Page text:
Been wondering what’s happening with the New Lynn to Avondale ‘rail trail’ shared path project? So have we. Our Westie correspondent Sam Finnemore takes a look back over the story so far, what’s hopefully coming next, and how it fits into the bigger picture out west.

A lot’s changed since Easter 2016, both in New Zealand and internationally, for better and for worse (with no particular order implied!). But let’s focus just on developments for bikes right here in Auckland.

Two years ago, the Lightpath had been open and blowing Aucklanders’ minds for just a couple of months. Right at the heart of downtown, the Quay Street protected cycleway was still a few weeks away from opening. And the first few sods had just been turned on the Waterview shared path, to run over Oakley Creek through Unitec and Phyllis Reserve to the Avondale train station.

This post literally starts where that Waterview path now ends, because back in mid-April 2016, AT also opened consultation for the New Lynn to Avondale shared path – a new, off-road connection to bring people on bikes all the way from Waterview to the heart of New Lynn, beside the Western rail line.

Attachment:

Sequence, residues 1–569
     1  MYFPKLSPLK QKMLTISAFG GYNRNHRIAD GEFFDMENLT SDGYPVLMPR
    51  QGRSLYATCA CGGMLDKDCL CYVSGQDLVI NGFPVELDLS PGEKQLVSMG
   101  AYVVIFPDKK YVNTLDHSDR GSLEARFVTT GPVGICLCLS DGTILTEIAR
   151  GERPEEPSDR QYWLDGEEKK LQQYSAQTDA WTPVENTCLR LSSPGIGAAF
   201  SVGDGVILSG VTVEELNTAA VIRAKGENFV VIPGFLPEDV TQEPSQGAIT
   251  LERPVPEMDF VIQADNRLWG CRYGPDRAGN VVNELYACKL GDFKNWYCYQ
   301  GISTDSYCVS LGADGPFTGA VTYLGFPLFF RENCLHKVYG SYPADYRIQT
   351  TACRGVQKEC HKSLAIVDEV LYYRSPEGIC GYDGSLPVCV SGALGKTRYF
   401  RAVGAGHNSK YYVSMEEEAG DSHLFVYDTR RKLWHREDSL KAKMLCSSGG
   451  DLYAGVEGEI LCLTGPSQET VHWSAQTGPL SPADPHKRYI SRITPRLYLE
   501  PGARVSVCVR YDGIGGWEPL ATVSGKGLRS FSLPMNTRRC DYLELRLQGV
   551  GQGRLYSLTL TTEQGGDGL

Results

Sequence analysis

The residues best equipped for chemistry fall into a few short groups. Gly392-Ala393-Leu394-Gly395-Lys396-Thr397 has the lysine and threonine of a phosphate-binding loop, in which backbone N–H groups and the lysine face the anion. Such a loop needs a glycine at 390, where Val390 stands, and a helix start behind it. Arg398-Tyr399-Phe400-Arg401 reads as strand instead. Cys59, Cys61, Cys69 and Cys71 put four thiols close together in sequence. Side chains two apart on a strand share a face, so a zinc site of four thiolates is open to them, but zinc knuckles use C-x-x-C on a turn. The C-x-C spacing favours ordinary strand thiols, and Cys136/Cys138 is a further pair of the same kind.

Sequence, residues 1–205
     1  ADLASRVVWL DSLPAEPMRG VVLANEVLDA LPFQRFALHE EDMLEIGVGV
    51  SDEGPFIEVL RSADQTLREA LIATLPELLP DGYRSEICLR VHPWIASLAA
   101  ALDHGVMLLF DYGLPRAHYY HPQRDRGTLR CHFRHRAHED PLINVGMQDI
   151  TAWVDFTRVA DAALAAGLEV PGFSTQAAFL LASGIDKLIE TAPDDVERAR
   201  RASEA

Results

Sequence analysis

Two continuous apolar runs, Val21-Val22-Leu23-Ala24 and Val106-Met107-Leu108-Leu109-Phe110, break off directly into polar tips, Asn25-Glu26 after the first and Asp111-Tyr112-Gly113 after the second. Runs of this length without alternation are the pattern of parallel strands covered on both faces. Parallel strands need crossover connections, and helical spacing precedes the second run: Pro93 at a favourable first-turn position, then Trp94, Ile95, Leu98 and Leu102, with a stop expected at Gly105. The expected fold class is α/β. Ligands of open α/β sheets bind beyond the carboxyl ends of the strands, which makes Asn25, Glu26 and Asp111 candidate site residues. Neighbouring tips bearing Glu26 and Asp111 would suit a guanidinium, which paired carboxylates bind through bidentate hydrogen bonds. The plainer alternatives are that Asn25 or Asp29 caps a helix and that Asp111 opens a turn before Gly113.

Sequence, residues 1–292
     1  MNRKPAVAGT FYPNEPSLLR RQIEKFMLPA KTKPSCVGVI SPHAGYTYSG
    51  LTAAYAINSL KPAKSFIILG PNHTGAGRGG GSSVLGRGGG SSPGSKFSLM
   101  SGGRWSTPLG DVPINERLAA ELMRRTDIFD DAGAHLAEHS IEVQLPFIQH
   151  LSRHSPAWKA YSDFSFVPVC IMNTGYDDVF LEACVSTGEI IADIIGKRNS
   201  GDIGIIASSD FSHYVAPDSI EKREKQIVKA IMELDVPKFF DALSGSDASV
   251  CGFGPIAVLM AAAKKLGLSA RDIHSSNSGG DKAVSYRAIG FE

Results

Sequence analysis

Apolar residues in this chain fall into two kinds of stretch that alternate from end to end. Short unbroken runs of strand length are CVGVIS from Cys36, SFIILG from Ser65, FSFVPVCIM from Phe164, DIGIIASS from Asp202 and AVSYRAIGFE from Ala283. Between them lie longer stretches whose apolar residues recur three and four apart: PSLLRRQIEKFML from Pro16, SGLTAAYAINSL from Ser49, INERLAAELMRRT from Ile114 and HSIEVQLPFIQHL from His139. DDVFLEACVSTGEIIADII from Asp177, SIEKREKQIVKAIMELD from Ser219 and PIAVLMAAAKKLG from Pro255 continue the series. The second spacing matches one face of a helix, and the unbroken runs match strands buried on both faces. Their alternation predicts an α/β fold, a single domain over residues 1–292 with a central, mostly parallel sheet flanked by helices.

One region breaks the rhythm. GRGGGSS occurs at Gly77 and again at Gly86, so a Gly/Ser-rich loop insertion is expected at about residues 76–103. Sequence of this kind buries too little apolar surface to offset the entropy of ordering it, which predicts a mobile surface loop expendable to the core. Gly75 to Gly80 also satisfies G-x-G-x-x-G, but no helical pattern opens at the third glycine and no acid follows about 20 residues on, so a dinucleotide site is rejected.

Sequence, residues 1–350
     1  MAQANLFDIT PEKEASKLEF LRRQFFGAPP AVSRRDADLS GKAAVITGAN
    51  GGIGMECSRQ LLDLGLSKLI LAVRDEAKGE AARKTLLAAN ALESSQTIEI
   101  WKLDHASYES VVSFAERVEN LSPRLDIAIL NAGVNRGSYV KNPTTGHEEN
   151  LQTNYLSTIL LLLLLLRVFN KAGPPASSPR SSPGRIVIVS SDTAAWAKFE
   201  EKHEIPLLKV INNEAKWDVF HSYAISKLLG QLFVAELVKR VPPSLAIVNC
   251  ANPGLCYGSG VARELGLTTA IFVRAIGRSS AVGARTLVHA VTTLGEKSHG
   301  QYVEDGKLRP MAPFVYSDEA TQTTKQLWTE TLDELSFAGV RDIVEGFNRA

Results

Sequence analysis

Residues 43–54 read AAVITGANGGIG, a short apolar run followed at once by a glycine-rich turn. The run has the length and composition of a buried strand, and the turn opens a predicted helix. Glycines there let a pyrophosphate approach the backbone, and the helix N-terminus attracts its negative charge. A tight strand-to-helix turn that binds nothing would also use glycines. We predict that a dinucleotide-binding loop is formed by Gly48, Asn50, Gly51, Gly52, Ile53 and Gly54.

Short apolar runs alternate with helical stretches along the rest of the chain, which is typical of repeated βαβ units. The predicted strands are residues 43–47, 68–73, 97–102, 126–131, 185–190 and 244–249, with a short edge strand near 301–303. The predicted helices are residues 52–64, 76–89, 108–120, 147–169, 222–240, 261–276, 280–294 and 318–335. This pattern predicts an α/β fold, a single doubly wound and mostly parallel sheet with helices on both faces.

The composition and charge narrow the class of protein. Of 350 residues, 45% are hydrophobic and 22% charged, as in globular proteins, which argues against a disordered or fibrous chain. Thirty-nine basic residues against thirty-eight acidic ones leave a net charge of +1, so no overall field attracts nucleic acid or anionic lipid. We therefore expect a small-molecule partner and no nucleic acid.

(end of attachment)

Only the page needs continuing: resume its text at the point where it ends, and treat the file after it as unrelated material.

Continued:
Building steam

Again, 2016 feels like a long time away, but regular readers will remember our coverage at the start of the New Lynn to Avondale consultation.

Out in the wider bike community, reactions included some disappointment at the proposal of a ‘rail trail’ rather than on-road protected routes (more on this later), plus the usual technical issues and concerns that Bike Auckland and others subsequently raised with AT – but there was also plenty of excitement about a new, safe link through a part of Auckland crying out for better bike connections.

The consultation ended with 143 responses and lots of feedback for AT to consider. Just before the opening of the Waterview shared path in October 2017, AT came out with their feedback and an updated design based on responses received.

We summarised the post-consultation changes at the time. The biggest one was the addition of an underpass at the St George’s Road rail crossing, at the behest of KiwiRail who are keen to avoid ‘new’ level crossings over rail lines as train frequencies in Auckland increase. Hard to argue with that. The updated route was also slightly shortened at the western end, finishing up at New Lynn Station rather than Rankin Street a bit further out.